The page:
According to the myth keepers of body-piercing, it was Isabeau who not only had her nipples pierced, but who wore clothing that allowed her to display the jewels that hung from her piercings. No less than the Marquis de Sade wrote her life story and explained her indiscretions in detail, as a sort of patron saint of sex, in the early Nineteenth Century, in some kind of attempt to bring the Royal family down to his level. Many have since questioned the veracity of his writings, dismissing them as scandalous lies, but if nothing else, her iconoclastic behavior was what the French wanted to believe about her, as described by their legendary ex-con and sex fiend. Her low cut gowns, some down to the navel, her reputation for infidelity, her revolutionary ideas about appropriate display of the fruits of womanhood, and unmotherly ideas about raising her own children, made her an irresistible target.
Or were some of these children the products of less moral but more natural relationships? Later John the Fearless cast his vote for the latter, when he outright admitted to his complicity in the butchery of the king’s brother (and his cousin), claiming he was avenging the outrages committed by Louis against the Throne. This view of the Burgundian relatives, of seeing themselves as necessary protectors and avengers and even disciplinarians of a decadent crown and its court, playing sheriff in a ruling family's power struggle, and enforcing their vision of justice, sometimes in spite of the king, and often to purposely spite him, is an oft repeated pattern in this story...
If the rumors of Isabeau’s sexual promiscuity were true, then which of the children she bore were really Charles’? Might some of the dead and missing offspring be the unfortunate bastards of her dalliances? Although Regine Pernoud offers that illegitimacy was no big problem in those days, she produces only men as examples. And as usual, she ignores the double standards of the day. To be a man sired by an outside, yet distinguished sire was almost a guarantee of status and assumed virility. To be a female born without a name, or a father, to a loose woman, was an unfair but insurmountable stigma. This was some of the heritage Jehanne is thought to have shared with the king, albeit disproportionate.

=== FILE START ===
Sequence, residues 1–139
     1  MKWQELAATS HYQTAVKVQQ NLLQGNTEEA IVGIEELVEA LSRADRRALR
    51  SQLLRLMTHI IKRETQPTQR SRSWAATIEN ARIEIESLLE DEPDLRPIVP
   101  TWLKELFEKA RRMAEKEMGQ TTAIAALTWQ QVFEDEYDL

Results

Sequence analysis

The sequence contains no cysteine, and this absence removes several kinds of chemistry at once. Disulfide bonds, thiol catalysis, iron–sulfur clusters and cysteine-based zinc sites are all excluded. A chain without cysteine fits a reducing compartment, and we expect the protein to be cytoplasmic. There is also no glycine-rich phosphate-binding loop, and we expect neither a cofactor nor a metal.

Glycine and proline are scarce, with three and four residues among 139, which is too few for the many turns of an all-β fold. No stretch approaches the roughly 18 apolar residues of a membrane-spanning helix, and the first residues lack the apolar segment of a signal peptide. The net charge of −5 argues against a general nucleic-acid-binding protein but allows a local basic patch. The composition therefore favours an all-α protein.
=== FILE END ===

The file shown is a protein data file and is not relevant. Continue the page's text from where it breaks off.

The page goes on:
But once again, since Villaret failed to provide his sources, and died before his controversial changes were published, she summarily dismisses his credibility and calls the changes in his history probable“mistakes.” He was just another in a long line of incompetant Frenchmen. She opts to believe a twenty year-long, twice published “mistake” that would have proven the theory we now argue, as if Villaret was some kind of bumbling fool and the publishers unaware of the implications. Pernoud sighs with relief, when she can scrape up any excuse to keep her Joan intact.
A famous depiction of Louis, the Duke d' Orleans revealing his secret lover to a confidant.
Meanwhile, regardless of pretenses, throughout her reign several of her known surviving children were farmed out to surrogates all over the country, with a myriad of excuses. One foster parent was the extortionist Phillipe the Good! But little Charles VII was taken by Yolande of Aragon, who defied Isabeau to ever have him again. As Dauphin he was never quite sure who his parents were or where his loyalties were due. And if he was the bastard offspring of Louis, at least he had the comfort of knowing he was not the child of a mad king.
This concern was at the very heart of the Dauphin's depression and lack of confidence. When Jehanne finally met him, she told him publicly she knew he had been praying privately about this very issue, and she knew that he doubted his right to claim his crown. She immediately went to the heart of his lethargy, addressed his legitimacy, as if she had knowledge of his true bloodlines, and assured him of his unquestionable eligibility to be king.
It could be a another coincidence, but the same woman, close enough to the Royal family to take and raise Charles until his maturity, Yolande of Aragon, was the mother of the man, whom Jehanne supposedly had never met, whose services she came and requested from the Duke of Lorraine, at the very beginning, the very turning point of her saga. I see a gaping hole you could drive a mac truck, loaded with possibilities, through, all of which suggest the secret nobody wants to know.
How could Jehanne have known, so accurately, what was troubling this poor, powerless prince? Except that she had grown up with the mystery herself!
It is true knowledge of this debilitating insecurity could have been information given to her by her angels, just like every miraculous fact she knew, which authenticated her during this phase of her life. But giving Jehanne the information was just half the battle, as she had to find a way to convince a cynical and unregenerate mind. If Jehanne could prove her own relationship to this bizarre and tragically dysfunctional family, as one of his mother's banished bastard children, how much more would he have embraced the concept... and reacted as wholeheartedly as he did. Otherwise, he might have tried to deny it, coming out of the mouth of a total stranger... It is lonely at the top, and a vibrant, well-spoken baby sister might have been just the ticket.